sickness, health and wood

It came as a surprise, suddenly my new web server that had taken almost a month to set up went dark, no access, no explanation.  And none needed, really, because it’s always operator error, always.  So, a lot more time was spent and now the site is back up.  For how long, no one knows.

hosta_flowers
Summer’s half-way indicator.

For the second, or maybe even a third time Jeanne contracted Lyme disease from the deer ticks that live in abundance in the woods and fields around our house up here in Ira.  This time it’s been a bear.  She ran a high fever for two weeks and had no appetite, a bad case of trots and aches and pains all over.  It hasn’t completely gone away and its been twenty-one days today.  The only good thing is that the doctor prescribed an antibiotic early, even before they had a positive diagnosis and that, we hope, will beat the bug.  Lyme has some ugly and debilitating results if left untreated and treatment has to be started as soon as possible to be effective.  It has become a real epidemic in New England and should get a lot more medical attention, I feel, than it has received.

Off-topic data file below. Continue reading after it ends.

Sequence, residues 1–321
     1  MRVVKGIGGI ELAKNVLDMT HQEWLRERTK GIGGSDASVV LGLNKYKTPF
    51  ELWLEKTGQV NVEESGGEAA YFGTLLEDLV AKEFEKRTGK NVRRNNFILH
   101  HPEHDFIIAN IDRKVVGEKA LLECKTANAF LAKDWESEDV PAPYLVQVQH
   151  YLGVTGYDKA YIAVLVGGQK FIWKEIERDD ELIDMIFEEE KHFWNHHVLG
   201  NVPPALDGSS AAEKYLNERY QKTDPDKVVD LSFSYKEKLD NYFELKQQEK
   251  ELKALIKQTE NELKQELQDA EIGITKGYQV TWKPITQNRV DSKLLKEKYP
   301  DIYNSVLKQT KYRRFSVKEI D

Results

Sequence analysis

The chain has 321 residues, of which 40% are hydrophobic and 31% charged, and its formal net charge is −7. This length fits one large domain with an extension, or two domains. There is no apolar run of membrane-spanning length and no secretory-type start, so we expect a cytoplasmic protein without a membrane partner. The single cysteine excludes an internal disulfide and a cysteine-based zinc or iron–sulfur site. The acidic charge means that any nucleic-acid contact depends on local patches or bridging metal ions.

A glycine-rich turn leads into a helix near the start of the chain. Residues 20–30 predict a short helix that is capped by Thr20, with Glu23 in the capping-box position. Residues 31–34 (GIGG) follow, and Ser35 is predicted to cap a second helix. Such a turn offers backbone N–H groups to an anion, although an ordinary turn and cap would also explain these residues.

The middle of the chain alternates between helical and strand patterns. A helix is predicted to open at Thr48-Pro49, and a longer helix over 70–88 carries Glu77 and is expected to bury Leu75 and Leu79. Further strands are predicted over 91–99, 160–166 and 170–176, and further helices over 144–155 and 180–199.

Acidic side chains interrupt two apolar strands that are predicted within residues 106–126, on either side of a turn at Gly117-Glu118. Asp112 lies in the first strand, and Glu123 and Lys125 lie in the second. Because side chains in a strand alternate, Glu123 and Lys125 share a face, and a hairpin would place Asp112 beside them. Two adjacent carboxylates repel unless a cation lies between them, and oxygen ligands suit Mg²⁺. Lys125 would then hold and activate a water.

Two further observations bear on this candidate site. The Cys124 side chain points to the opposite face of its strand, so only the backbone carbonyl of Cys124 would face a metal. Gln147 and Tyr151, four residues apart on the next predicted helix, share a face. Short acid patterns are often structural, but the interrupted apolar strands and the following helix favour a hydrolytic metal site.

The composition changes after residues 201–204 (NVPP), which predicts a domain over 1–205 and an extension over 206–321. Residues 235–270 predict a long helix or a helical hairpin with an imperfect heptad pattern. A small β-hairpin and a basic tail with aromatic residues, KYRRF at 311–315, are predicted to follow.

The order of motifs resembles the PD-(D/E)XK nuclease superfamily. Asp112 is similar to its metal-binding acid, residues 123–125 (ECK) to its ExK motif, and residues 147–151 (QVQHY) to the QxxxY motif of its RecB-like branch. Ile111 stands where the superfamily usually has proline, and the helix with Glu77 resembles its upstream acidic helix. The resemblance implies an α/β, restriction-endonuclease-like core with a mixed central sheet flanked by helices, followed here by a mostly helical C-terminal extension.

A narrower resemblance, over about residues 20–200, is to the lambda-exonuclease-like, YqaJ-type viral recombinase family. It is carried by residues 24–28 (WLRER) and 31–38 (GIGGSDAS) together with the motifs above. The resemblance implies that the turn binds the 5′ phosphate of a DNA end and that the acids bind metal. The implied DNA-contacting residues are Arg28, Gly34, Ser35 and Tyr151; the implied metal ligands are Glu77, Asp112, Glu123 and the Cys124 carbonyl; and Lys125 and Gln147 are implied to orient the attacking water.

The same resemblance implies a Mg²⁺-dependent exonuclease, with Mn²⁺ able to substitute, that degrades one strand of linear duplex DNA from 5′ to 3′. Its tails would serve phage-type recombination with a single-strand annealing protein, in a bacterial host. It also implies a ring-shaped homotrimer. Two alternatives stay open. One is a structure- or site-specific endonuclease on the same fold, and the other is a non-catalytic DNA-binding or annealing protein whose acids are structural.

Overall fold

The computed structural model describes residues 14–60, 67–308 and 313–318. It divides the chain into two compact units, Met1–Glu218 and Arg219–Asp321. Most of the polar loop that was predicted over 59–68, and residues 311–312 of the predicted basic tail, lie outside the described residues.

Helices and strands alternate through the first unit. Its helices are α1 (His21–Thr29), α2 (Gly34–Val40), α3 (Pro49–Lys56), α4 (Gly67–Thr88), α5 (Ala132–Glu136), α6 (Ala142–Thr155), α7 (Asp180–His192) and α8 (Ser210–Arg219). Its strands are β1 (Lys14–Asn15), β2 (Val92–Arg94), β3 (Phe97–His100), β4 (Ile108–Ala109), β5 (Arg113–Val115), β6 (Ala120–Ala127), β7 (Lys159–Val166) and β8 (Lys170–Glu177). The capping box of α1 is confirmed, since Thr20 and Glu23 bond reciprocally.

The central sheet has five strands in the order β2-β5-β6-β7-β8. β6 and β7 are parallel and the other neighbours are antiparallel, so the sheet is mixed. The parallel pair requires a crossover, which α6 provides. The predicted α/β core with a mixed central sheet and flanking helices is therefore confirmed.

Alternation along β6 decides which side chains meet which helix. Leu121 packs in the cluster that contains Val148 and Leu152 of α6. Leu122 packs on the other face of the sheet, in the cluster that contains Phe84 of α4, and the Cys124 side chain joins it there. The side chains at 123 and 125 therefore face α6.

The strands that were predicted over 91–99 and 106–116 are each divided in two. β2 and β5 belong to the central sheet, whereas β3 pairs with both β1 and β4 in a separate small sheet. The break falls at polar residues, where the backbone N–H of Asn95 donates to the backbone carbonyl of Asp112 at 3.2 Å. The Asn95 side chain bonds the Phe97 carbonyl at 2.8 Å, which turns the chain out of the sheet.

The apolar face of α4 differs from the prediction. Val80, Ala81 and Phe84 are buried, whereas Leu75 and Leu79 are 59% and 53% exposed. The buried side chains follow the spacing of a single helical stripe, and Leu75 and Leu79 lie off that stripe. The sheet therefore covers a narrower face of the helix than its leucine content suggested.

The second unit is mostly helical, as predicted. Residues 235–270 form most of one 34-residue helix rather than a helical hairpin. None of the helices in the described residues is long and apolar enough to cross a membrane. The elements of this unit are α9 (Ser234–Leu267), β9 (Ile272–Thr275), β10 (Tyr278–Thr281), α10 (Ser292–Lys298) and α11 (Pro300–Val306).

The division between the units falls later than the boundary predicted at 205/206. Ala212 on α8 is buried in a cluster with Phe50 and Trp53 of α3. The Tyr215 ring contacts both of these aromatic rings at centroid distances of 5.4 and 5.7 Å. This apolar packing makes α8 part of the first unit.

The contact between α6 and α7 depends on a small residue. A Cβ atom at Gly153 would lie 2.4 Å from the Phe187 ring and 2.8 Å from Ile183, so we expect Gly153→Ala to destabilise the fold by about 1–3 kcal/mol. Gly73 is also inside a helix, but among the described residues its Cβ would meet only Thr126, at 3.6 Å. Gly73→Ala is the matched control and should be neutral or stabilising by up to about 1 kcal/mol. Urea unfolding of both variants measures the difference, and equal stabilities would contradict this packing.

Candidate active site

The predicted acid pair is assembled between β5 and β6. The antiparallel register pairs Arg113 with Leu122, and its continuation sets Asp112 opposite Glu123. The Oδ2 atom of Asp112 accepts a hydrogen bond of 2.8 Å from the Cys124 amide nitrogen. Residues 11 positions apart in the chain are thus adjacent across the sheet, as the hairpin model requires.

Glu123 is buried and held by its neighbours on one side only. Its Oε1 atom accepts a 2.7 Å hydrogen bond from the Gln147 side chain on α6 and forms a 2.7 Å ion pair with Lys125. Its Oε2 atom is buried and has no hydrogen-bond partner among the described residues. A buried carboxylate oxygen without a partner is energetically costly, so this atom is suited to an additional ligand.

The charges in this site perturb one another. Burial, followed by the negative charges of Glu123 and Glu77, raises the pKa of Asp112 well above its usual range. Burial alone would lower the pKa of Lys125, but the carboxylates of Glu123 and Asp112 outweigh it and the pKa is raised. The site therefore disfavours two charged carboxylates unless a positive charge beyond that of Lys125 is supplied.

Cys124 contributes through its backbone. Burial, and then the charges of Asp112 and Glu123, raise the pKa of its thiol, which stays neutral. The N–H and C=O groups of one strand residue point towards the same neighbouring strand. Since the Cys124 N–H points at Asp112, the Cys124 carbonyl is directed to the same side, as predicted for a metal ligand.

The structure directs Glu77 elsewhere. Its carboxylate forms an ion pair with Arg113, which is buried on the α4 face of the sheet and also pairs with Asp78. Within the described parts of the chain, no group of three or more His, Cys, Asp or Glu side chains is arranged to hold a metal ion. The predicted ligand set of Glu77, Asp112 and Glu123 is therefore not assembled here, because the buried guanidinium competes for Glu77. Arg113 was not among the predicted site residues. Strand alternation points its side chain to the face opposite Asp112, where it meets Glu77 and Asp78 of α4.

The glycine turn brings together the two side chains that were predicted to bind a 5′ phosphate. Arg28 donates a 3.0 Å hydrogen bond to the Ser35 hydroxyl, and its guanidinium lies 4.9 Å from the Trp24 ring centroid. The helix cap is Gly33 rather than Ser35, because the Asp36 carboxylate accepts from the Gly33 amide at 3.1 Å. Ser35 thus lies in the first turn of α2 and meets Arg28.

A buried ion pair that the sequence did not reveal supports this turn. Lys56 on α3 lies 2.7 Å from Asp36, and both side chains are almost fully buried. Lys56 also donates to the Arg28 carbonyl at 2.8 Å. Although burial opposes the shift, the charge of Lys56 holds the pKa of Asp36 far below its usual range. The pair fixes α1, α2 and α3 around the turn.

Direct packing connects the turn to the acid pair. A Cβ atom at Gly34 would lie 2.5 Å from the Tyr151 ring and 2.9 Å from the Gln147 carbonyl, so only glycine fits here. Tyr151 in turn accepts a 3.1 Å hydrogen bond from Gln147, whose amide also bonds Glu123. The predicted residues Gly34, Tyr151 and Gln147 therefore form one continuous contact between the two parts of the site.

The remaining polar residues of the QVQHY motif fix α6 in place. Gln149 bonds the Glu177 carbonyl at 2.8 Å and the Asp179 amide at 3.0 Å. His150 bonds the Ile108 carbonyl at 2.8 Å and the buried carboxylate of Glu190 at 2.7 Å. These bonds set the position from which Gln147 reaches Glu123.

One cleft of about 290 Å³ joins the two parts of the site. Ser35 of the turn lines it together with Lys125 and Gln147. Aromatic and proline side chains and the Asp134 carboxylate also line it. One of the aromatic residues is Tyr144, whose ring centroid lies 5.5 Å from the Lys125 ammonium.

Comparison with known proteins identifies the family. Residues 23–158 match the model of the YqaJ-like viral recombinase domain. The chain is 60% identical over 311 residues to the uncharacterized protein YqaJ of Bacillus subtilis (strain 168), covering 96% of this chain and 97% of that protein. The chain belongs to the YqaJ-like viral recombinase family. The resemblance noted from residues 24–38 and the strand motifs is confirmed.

Walkabout, our sailboat, sits alone these days out on Lake Champlain with no one to sail her.  We want to get back aboard, and will as soon as we can.  There is a whole month of summer left and another after that before she has to come out of the water for the winter.

woodpile
Firewood, they say, warms you twice. When you carry it, and when you burn it.

With winter coming I’ve been playing lumberjack as often as I can with six trees lopped off and cut into stove length blocks waiting to be split.  It takes a dozen moderate size ash, oak or cherry trees to provide us enough firewood each year, about two and a half cords, a four by four by eight foot stack x 2.5. That’s a lot of wood – and sweat.

 

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Bob

Day to day life in the hills of Vermont.

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